I am assuming I can take it for granted that most developers acknowledge the value of performing code reviews. All the companies I have worked for have had some kind of policy that states a code reviews must take place, but when the code review takes place can vary dramatically. While I was writing this post, I came across a couple of helpful Stack Overflow questions which have more insights on the when a code review should take place. (When to review code - before or after checkin to main and When is the most effective time to do code reviews)
I'll discuss three possible times to perform a code review:
I think this is the most common time for code reviews to take place. The developer checks in their code, then arranges for it to be reviewed.
- The developer has actually "finished" coding, meaning that issues found really are issues as opposed to "oh yes I was going to do that later".
- The developer is not held up waiting around for a reviewer - they can get their code checked in and start work on the next task.
- Source Control systems typically have tools which make it very easy to highlight just the changes that have been made in a particular check-in. This is very convenient for reviewing bug fixes.
- Unreviewed code can get into into main branch, increasing the chances of an inadvertent show-stopper bug.
- There is potential for the review to be put on the back burner and forgotten as there is nothing being held up by it.
- Management may view this feature as "complete" and thus resist allocating further time on it if the review recommends some refactoring.
- The checked in code may have already gone through a manual testing cycle which is a strong disincentive to touch the code even to implement minor enhancement suggestions (as they invalidate the tests).
- The developer is likely working on a new task when the code review takes place, meaning that it is no longer fresh in their mind, and (depending on the way source control is used) can easily end up mixing code review enhancements with new code for an unrelated feature in a single check-in. It is interesting how the use of branches in source control can lessen the impact of many of the points I have made here (both advantages and disadvantages).
One company I worked for had a policy of pre-checkin code reviews. For small changes, another developer came and looked over your shoulder while you talked them through the changes, and for larger features, you emailed the code across and awaited the response.
- The code is still fresh in the developer's mind as they have not yet moved on.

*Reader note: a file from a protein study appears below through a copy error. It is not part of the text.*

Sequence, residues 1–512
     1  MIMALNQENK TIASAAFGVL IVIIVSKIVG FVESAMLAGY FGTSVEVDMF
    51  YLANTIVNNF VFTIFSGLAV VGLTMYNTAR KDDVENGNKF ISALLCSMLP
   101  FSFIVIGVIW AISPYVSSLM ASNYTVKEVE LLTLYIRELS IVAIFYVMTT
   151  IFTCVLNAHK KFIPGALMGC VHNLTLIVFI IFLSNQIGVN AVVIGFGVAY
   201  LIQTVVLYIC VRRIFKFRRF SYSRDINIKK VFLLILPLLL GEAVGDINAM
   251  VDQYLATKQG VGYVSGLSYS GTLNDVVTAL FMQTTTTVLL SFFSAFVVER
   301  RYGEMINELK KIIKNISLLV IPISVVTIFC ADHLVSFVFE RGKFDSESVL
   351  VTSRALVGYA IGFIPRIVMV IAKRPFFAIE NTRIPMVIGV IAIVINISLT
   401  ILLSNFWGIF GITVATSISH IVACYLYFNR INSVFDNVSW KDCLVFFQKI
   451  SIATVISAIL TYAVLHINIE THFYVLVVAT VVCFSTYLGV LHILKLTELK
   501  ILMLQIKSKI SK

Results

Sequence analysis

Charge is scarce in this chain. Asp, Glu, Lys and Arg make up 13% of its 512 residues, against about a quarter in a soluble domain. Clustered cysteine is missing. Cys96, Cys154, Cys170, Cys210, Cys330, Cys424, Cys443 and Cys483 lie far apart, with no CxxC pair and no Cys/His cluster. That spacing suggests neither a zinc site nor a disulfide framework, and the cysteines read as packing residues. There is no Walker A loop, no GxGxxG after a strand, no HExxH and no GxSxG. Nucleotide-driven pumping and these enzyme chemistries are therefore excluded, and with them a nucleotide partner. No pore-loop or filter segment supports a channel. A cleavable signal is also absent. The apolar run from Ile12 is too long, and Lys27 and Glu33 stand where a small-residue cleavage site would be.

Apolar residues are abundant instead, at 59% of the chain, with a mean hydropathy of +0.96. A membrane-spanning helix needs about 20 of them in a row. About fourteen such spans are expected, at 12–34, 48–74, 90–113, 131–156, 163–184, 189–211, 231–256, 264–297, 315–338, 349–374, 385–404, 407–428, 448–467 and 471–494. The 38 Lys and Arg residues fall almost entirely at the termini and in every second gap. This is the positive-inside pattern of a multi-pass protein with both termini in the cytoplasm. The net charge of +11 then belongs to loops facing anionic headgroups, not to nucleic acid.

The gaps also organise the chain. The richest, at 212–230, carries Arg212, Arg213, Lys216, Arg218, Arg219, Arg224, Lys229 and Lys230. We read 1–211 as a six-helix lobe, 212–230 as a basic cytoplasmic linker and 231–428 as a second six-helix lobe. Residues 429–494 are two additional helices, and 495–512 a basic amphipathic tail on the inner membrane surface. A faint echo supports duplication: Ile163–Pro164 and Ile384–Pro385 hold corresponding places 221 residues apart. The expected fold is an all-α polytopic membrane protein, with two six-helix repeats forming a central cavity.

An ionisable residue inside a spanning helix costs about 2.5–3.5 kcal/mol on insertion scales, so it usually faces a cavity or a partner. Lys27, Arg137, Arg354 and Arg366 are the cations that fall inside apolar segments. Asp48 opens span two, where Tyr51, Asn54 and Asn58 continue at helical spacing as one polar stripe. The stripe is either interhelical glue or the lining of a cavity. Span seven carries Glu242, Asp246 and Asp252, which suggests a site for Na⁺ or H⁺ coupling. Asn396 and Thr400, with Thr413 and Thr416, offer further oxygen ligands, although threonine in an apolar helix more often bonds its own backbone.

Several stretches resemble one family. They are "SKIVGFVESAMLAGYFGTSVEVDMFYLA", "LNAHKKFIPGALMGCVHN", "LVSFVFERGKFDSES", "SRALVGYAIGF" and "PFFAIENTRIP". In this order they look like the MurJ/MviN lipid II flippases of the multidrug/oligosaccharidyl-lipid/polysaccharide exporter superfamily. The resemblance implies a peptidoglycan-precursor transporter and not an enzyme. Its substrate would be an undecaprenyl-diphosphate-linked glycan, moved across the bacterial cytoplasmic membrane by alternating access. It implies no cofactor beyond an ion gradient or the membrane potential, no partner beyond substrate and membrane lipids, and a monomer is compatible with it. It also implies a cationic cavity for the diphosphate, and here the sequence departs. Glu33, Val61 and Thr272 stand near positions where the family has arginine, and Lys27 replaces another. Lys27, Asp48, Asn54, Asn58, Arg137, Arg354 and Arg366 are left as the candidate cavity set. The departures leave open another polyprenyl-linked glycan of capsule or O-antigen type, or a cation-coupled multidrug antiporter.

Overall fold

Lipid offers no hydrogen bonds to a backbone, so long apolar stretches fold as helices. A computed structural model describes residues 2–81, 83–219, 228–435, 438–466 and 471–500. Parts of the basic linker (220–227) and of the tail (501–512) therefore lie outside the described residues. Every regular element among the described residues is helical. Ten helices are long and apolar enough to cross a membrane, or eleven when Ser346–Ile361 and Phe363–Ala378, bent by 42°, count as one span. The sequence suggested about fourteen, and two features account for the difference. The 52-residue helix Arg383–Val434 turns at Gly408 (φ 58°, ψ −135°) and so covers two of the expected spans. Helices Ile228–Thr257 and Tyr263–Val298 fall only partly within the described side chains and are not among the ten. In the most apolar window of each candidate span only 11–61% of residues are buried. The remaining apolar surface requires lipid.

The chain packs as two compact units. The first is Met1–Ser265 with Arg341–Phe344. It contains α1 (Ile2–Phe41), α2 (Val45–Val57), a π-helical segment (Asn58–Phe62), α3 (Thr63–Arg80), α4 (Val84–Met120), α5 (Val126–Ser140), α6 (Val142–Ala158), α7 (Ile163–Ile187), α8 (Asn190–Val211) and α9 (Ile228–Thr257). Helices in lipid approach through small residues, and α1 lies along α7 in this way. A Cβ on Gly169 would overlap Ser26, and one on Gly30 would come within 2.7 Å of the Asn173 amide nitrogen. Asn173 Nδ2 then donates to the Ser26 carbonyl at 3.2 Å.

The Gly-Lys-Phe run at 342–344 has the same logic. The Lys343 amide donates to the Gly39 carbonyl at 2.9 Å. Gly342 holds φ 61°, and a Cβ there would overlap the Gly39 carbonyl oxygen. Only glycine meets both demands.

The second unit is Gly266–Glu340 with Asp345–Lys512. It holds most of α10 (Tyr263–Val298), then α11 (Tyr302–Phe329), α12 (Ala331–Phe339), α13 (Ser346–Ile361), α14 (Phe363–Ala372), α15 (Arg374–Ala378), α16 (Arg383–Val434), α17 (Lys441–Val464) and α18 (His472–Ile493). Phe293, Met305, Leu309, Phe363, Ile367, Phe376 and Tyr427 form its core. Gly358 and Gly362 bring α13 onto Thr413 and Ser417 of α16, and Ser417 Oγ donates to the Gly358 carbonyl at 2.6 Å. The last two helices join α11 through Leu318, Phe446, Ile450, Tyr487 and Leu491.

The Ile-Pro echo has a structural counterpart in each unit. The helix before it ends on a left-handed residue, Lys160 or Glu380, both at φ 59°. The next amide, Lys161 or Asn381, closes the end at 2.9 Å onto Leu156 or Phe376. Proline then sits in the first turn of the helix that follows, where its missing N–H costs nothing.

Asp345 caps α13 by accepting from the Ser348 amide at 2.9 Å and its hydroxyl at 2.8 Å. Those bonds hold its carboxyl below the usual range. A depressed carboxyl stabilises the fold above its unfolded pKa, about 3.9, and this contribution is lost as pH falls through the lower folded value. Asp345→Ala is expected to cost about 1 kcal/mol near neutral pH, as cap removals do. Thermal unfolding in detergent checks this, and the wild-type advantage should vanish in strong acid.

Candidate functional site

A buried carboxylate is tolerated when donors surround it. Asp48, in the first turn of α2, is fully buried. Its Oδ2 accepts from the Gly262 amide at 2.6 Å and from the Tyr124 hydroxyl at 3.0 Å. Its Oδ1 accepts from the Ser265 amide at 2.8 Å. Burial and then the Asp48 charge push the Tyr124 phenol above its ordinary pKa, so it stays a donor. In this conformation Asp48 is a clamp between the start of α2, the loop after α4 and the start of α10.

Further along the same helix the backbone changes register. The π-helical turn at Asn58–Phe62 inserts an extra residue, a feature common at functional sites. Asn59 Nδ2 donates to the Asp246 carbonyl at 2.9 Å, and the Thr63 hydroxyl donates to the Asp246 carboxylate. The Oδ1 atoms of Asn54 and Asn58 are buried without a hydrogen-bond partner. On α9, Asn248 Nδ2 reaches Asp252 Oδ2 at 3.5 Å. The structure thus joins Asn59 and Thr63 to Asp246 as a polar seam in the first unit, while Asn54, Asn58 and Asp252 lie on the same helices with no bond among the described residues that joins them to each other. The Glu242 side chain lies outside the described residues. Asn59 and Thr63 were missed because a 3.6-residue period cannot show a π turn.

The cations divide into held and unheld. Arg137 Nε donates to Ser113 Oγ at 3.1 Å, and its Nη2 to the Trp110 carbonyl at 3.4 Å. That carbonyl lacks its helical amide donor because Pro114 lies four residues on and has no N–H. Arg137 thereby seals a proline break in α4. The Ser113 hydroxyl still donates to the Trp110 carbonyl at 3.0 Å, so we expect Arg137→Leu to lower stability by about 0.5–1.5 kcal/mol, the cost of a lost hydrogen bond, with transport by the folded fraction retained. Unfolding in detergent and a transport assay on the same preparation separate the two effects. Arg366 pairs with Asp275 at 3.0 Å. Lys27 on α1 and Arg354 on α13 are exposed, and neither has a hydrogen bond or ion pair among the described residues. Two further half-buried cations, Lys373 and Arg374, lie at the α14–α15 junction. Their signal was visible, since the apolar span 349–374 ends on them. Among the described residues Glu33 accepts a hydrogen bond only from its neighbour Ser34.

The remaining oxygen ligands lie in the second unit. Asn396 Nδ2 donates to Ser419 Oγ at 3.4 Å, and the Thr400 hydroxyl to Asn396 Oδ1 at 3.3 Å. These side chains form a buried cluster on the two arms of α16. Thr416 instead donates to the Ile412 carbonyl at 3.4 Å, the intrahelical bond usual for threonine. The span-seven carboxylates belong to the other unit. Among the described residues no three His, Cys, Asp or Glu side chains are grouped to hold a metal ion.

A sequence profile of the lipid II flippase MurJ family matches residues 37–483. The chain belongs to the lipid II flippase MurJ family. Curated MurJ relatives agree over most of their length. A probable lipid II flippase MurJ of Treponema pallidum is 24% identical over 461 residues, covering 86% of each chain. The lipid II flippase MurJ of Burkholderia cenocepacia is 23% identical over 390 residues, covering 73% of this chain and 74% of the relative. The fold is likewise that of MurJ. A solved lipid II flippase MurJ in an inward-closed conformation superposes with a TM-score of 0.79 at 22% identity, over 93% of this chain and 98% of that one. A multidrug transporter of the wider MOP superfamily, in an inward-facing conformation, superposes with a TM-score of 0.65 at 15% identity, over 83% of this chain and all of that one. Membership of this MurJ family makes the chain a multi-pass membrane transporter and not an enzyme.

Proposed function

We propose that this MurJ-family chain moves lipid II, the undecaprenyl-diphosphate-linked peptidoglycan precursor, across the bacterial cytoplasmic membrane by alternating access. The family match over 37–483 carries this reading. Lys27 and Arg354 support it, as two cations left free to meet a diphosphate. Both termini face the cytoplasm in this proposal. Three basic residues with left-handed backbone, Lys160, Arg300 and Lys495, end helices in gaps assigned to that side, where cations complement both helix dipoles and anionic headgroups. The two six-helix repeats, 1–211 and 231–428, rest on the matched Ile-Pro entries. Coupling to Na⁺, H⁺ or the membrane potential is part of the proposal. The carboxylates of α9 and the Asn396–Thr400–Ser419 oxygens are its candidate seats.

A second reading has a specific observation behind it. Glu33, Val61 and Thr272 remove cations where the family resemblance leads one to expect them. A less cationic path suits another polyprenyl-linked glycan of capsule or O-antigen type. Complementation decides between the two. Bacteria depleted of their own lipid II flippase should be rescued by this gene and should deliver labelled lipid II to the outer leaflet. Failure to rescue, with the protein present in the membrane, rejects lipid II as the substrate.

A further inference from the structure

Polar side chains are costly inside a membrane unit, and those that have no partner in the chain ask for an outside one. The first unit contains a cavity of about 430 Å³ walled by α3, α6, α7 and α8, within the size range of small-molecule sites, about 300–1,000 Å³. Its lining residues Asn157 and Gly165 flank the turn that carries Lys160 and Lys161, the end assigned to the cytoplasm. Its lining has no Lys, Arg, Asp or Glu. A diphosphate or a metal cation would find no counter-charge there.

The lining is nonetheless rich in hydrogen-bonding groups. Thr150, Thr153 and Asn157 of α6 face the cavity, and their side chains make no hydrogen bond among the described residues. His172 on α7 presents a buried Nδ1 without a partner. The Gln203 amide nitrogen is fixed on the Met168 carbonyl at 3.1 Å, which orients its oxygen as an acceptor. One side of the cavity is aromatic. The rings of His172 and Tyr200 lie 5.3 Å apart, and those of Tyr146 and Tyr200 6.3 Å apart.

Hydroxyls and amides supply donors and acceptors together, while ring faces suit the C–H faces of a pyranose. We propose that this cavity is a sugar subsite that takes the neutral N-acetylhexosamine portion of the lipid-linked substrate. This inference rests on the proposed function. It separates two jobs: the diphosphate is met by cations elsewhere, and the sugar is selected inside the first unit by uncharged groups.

- It is clear to the manager that we are not yet "finished" until the code review, resulting code modifications and re-testing have taken place.
- The fact that the code is still checked out means that it is very easy to make changes or add TODOs right in the code during the review, which results in less suggestions getting forgotten.
- The code can be checked in with a comment detailing who reviewed it - share the blame with your reviewer if it contains a show-stopper bug!
- Though the code is "ready" for check-in, it may need to be merged again before the actual check-in, which can sometimes result in significant changes.
- It can make it harder for the reviewer to view the changes offline.
- A strict no check-in without code review policy can result in people making fewer check-ins, and batching too much up into one check-in.
- Can hold up the developer from starting new work if the reviewer is not available.
Got it working
There is one other potential time for a code review. In Clean Code, Bob Martin talks about the "separation of concerns" developers tend to employ while coding. That is, first we "make it work", and then we "make it clean". We have got the main task complete, but things like error handling, comments, removing code smells etc have yet to take place. What if a code review took place before the "make it clean" phase?
- The developer does not need to feel so defensive about their code, as they have not completely finished.
- Its not too late to make architectural changes, and maybe even refactor other areas of the codebase to allow the new code to "fit" better.
- Because there is still time allocated to the task, it can effectively serve as a second design review, with an opportunity to make some changes to the design with the benefit of hindsight.
- Could be done as a paired programming exercise, experimenting with cleaning up the code structure and writing some unit tests.
- Wasting time looking at issues that were going to be fixed anyway.
- May not be appropriate for small changes, and with large pieces of development, may depend heavily on whether the coder follows many small iterations of "make it work, make it clean", or a few large iterations.
There are two factors that greatly affect the choice of when to code review. The first is your use of Source Control. If individual developers and development teams are able to check work into sub-branches, before merging into the main branch, then many of the disadvantages associated with a post-checkin code review go away. In fact, you can get the best of both worlds by code reviewing after checking in to the feature branch, but before merging into the main branch.
Second is the scope of the change. A code review of a minor feature or bug-fix can happen late on in the development process as the issues found are not likely to involve major rearchitecture. But if you are developing a whole new major component of a system, failing to review all the code until the developer has "finished" invariably results in a list of suggestions that simply cannot be implemented due to time constraints.